The best open data sets available to charities now
Ahead of Microsoft’s AI envisoning workshops for charities, we take a look at how charities can make use of open data to advance their machine learning and AI projects.
|Sponsored by Microsoft|
For charities, Artificial Intelligence (AI) and machine learning have the capability to extract deeper meaning from data, helping to fuel their understanding of their supporters and beneficiaries and, as we’ve shown in our previous article, innovate in all kinds of new directions. But machine learning development requires big sets of data to learn from – this is why AI projects and open data often go hand in hand.
The Open Data Institute defines open data as ‘data that is made available by organisations, businesses and individuals for anyone to access, use and share’ – we’ve listed some of the top sources of open data for UK charities below. These datasets can be blended together with a charity’s own data as fuel for AI innovation.
Charity innovation starts at home
Emma Prest is Excecutive Director of DataKind UK – a UK charity that helps charities, non-profits and other social groups improve their impact through data science. They bring together over 2,000 data expert volunteers to help solve charities’ analytics and machine learning challenges, and offer free monthly Office Hours sessions answering charities’ questions.
For a smaller charity interested in getting started experimenting with open data for AI projects, Prest advises that in the beginning stages, open data and even terms like ‘AI’ can sometimes be a distraction. Fundamentally, charities need to start with the question they need to answer. Then, they must gain an understanding of the data they hold.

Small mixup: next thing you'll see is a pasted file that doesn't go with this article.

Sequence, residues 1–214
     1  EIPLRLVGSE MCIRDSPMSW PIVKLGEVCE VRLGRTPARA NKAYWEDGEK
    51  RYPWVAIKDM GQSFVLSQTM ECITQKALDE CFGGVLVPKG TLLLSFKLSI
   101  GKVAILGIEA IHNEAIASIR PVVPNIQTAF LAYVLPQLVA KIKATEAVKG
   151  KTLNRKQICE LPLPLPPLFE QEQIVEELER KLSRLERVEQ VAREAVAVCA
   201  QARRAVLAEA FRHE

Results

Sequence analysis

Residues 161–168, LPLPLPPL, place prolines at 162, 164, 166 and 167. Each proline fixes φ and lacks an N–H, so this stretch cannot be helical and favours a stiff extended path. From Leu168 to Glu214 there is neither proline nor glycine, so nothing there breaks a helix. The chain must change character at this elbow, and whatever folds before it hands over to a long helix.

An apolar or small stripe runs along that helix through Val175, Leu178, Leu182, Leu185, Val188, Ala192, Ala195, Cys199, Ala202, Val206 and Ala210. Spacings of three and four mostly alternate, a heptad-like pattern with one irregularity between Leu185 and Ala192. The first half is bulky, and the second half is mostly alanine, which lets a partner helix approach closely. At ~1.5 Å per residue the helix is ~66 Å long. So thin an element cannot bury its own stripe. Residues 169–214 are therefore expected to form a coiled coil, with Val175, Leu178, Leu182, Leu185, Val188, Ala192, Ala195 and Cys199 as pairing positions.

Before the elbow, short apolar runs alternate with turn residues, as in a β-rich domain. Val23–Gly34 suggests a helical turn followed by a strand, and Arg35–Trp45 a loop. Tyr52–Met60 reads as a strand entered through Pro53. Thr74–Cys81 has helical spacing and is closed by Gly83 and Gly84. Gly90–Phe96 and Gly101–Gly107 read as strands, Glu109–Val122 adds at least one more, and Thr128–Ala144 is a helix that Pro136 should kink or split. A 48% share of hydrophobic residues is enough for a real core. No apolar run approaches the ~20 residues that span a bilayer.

“If your question is ‘where is there most demand for our services’ for instance,” says Prest, “you would begin by understanding who your users are where your services currently operate, then you can overlay some open data to estimate where are some populations that are similar to your service users. That would be a great start.”
Making the most of data
Many charities are put off by the patchiness of their own data, but it doesn’t have to be a barrier.
“A lot of charities think their data is too dodgy to use. But our advice is you’ve probably got something to work with, and you can do some rough and ready analysis with it – it’s not going to be perfect but it will get you going. Equally, some organisations think they have great data but it’s sat in a database and nobody tries to extract it, it goes to waste.”
“Small but complete data is better than having massive data,” says Prest. But for machine learning projects that do need to be fed large, granular sets of information for robust data analysis, you can supplement it with large sets of open data – the datasets below might provide inspiration.
As Prest explains, open data can tell you a lot about the context in which you work: “Presumably as a charity you will have data on the beneficiaries you’re engaging or services you’re delivering. It’s actually really helpful to put that into a big picture and understand more about the population in which you work, whether it’s using Office of National Statistics data, Census data, or even data from media coverage. That can really help you with planning where to deliver services to, understand levels of need in different communities, figure out where to expand your services or design entirely new services.”
If you’re interested in using datasets like this to support your mission, you might be interested to know that Microsoft are offering an exclusive number of free one-on-one workshops for charities to use machine learning and data to further their cause: click here to read more.
Open datasets worth exploring
UK Data Service – The UK Data Service claims to be the UK’s largest collection of social, economic and population data resources, including UK census data and government funded surveys. You can browse over 6,000 digital data collections for research and teaching purposes covering an extensive range of key economic and social data, both quantitative and qualitative, and spanning many disciplines and themes.